SXSW 2018: A few things we learned from Richard Linklater’s chat with Olivier Assayas

Unconnected to SXSW, the Austin Film Society is in the middle of an Olivier Assayas retrospective this week, but SXSW also seemed like a good time to get the legendary French filmmaker, one of the greats of the ’80s, ’90s and today (“Irma Vep,” “Demonlover,” “Something in the Air,” “Cold Water,” “Carlos,” “Personal Shopper”) in conversation with Richard Linklater.

Here are a few things we learned:

Like many of his era, he thought the May ’68 demonstrations in Paris meant the old world was over. “I was 13 at the time,” Assayas, born in 1955, said, “but I sensed that the world was shaking on it4s foundations and (in the years that followed), there was this absolute conviction the old world was finished and it was the beginning of a new world. I grew up in a context where you were not thinking about a career or family or studies because all that would be rendered worthless. Gradually we realized that was not happening.” But as Assayas notes that while political revolution did not happen, the 1970s did see profound social upheaval in societies all over the world.

1970s French teens thought A LOT about political theory. “We had this absurd political maturity,” Assayas said. “I remember being in high school and discussing the fine print of the political history of the 20th century,” which meant lots of discussions about what kind of Trotskyite you were, what kind of Maoist you were, what “nuance of an anarchist” you were.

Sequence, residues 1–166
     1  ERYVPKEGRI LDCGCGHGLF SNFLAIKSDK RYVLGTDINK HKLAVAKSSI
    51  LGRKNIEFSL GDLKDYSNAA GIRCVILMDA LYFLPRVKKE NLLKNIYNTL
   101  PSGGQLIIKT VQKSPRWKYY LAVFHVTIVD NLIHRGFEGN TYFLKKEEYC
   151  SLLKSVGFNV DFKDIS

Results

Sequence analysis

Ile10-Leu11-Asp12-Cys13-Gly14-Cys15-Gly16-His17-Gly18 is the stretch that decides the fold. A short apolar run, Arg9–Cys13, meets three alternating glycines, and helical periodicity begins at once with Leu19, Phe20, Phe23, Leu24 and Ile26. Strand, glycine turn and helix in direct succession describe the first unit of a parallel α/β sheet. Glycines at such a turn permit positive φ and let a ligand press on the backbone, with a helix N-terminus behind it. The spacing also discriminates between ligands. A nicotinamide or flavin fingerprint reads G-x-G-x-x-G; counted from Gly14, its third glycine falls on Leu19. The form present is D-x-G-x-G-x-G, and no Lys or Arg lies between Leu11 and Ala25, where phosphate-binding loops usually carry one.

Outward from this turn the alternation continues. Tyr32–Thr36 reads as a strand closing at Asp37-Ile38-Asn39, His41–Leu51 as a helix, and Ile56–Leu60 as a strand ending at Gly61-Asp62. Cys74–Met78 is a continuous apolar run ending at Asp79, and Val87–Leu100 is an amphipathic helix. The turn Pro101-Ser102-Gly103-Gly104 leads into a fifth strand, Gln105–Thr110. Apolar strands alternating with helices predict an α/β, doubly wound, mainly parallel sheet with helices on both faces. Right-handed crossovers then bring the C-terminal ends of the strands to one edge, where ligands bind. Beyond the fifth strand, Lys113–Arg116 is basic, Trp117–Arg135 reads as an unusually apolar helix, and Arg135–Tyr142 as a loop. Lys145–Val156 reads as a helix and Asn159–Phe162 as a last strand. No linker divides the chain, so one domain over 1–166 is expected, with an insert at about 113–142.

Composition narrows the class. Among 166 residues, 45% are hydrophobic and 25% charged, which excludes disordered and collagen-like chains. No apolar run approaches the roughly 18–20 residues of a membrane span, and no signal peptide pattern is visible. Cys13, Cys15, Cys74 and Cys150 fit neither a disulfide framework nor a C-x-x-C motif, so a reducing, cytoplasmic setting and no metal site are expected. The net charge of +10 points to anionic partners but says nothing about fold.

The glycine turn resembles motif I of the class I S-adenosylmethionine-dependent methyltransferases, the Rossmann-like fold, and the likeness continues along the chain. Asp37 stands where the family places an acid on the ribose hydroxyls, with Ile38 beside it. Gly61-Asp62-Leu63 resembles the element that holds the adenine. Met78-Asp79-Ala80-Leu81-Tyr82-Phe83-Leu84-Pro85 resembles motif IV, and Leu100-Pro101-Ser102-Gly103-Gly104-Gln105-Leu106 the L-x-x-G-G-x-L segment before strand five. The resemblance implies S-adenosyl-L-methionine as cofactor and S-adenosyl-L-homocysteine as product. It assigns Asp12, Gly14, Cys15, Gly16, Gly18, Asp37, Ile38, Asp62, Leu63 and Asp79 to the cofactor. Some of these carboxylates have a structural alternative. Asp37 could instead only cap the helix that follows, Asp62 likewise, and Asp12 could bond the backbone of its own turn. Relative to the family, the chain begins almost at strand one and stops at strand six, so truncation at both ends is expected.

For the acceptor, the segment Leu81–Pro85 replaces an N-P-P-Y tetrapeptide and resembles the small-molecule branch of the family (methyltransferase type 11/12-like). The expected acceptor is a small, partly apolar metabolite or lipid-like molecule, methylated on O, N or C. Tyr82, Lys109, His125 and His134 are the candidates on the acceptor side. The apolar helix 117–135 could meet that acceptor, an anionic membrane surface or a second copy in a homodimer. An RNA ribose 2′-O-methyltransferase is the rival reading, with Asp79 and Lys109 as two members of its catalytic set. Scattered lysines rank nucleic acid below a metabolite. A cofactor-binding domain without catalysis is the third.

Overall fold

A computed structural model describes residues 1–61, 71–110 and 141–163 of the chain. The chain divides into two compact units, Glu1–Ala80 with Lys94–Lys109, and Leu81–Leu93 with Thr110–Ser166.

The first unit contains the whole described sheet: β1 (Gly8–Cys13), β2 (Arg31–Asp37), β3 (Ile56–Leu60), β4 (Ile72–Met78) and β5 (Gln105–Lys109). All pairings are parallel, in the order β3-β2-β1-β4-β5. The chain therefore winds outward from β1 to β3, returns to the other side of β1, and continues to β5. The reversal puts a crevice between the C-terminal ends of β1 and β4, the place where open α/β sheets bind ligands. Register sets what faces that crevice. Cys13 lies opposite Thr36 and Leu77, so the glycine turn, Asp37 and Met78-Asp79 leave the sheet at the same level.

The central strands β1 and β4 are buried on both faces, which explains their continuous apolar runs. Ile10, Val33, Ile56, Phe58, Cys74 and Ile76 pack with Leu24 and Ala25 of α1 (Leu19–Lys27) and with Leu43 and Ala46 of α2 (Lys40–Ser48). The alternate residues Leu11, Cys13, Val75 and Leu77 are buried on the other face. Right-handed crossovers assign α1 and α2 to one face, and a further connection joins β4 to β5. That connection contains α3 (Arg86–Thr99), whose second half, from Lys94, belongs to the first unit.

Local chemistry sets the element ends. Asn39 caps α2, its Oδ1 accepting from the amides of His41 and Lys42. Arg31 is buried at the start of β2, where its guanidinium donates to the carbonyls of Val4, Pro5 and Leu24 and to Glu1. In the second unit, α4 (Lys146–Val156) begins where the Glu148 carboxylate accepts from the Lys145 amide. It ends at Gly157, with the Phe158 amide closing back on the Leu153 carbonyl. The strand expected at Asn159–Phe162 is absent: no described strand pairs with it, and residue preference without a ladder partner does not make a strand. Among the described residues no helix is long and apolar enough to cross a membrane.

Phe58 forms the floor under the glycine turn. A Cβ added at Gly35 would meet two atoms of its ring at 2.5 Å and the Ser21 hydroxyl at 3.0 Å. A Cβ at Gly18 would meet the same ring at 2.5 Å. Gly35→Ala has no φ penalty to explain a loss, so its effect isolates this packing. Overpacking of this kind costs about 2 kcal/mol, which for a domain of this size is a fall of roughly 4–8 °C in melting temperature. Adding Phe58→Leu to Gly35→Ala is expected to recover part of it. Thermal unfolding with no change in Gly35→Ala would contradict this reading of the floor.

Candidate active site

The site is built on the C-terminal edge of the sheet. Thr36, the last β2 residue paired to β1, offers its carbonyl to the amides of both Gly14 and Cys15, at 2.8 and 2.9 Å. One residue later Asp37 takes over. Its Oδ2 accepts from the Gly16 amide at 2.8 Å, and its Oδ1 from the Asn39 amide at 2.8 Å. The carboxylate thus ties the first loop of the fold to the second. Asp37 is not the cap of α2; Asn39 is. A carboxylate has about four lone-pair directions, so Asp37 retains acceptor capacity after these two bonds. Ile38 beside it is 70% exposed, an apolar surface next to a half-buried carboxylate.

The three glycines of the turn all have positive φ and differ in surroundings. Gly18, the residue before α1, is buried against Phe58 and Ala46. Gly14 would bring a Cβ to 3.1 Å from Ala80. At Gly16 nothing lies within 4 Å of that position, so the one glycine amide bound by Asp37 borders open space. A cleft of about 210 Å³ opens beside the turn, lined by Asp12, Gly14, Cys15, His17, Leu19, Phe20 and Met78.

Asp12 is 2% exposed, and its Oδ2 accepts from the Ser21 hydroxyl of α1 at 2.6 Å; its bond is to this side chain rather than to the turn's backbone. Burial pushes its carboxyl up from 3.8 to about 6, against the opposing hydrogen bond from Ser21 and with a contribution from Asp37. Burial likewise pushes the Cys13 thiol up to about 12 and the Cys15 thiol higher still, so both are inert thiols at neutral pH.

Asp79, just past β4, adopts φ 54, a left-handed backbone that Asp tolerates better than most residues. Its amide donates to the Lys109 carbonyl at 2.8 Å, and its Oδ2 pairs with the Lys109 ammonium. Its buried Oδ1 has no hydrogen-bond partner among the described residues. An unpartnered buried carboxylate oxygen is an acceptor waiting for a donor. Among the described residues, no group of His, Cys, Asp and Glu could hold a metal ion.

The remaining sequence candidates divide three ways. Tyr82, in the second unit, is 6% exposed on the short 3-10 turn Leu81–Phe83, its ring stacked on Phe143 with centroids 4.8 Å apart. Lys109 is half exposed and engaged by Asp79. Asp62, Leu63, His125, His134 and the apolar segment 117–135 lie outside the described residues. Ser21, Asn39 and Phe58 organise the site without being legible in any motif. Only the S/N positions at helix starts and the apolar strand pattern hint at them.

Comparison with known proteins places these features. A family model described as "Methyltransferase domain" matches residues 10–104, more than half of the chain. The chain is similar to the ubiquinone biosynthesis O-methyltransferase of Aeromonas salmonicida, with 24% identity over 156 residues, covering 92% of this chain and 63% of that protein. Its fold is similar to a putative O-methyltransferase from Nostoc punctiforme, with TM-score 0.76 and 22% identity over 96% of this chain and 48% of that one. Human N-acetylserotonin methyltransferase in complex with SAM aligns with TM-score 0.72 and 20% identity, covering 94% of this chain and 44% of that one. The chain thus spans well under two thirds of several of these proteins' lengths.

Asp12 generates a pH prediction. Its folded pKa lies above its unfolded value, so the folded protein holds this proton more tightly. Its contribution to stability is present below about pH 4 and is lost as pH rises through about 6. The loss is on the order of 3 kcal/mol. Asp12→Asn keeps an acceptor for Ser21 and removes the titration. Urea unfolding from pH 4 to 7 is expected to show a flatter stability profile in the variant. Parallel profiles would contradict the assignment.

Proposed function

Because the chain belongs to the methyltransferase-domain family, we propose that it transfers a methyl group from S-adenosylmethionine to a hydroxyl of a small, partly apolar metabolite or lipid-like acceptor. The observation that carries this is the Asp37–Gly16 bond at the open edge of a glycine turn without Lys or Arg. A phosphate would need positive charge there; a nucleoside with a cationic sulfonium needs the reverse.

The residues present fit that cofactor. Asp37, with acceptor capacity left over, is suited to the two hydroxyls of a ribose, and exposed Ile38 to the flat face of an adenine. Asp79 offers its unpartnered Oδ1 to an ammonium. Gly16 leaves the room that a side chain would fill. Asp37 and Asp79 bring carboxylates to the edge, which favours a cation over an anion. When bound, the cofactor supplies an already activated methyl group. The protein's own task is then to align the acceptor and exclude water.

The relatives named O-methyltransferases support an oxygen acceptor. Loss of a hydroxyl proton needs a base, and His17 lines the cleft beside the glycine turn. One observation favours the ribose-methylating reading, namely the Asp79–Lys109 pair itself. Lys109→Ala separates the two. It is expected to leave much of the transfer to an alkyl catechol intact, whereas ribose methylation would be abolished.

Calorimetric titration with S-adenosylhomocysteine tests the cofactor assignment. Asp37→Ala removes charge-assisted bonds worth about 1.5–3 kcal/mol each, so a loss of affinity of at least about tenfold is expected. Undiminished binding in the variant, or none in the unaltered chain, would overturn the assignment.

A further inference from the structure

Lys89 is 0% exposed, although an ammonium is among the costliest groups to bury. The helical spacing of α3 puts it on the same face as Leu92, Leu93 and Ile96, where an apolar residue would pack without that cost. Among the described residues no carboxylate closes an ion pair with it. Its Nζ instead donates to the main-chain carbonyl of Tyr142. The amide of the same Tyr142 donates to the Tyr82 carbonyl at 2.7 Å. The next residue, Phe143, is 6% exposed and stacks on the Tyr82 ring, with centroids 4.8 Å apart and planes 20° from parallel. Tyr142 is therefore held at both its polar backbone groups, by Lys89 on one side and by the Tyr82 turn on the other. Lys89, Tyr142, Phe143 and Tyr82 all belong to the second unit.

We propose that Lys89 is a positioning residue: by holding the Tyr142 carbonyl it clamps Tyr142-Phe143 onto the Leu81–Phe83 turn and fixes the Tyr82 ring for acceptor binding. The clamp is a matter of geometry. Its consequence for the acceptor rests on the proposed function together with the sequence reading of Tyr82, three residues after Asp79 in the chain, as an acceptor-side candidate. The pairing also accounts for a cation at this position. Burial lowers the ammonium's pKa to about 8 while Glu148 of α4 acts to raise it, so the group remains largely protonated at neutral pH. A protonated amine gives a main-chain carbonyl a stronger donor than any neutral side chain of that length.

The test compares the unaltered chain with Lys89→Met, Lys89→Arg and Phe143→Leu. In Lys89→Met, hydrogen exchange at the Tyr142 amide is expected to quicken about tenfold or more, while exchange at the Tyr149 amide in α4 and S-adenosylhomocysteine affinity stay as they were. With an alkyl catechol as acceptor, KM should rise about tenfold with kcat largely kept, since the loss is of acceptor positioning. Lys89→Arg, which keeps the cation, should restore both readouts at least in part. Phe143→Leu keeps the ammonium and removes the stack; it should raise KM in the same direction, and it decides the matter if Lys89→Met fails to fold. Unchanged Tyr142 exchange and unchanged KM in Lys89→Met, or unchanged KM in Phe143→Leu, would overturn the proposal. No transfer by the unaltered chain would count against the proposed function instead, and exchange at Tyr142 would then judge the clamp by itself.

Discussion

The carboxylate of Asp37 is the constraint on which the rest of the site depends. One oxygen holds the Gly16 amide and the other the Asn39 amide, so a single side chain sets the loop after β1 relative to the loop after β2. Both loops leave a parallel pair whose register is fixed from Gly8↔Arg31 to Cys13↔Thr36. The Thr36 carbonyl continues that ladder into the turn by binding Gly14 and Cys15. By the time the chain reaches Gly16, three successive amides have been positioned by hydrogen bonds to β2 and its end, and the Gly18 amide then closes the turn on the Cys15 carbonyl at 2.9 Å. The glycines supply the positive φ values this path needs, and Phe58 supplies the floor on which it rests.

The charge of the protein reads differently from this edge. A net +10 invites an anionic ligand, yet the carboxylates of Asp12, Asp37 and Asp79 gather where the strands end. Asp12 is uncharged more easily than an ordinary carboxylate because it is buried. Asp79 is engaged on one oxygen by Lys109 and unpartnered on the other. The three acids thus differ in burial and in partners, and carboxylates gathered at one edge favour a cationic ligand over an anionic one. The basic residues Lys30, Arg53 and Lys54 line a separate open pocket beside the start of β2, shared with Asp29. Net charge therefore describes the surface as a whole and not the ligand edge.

A film set can be a locus of freedom. “At some point, I felt what was happening on the film set was a continuation of the utopia of the 1970s, a validation of non-alienated work,” Assayas said. “You could work with a film crew, they would share your ideas and your ideal. We were a bubble of freedom. I don’t want to be the boss of a business, which is how you can feel sometimes when you direct a film. I want to be part of a collective that is basically enjoying itself doing something that has to do with their ideals.”

His five and a half hour 2010 mini series “Carlos” on Ilich Ramírez Sánchez, aka the revolutionary/terrorist Carlos the Jackal, was a reflection on the politics of the 1970s. “What excited me about him is that he embodies the whole arc of political involvement of the 1970s,” Assayas said. He started as a Latin American idealist who decided to “go all the way” and gradually became a “professional militant and terrorist” expelled from the Palestinian movement and worked for some “very ugly governments…he was morphing with the time and you follow the arc, it’s the arc of those years. European terrorism reflected the decay of leftist revolution.”

Assayas shot “Carlos” in 92 days. It was essentially three full-length movies with about 30 days for each. “We didn’t rehearse at all,” Assasyas said. “We created the set, the ambience and threw the actors into the scene,” which is actually a pretty good way to make a movie about a terrorist.

Genre film was a huge influence on Assayas. John Carpenter, Wes Craven and especially David Cronenberg were all big. “Those films are so powerful,” he said. “Sometimes I think indie filmmaking misses connecting physically with an audience.” (AMEN, BROTHER.)

Linklater: “‘Demonlover’ was your ‘Videodrome.”

Assayas: “I am not ashamed to say ‘Videodrome was a major influence — so daring, so strong. It was mind-blowing.”

He is not sure entirely how the Internet is changing everyone, but he’s sure it’s happening. “The way the Internet creates access to fantasy and make it accessible to everybody all the time…I don’t know if it is good or bad but extremely important in the transformation of the human experience.”


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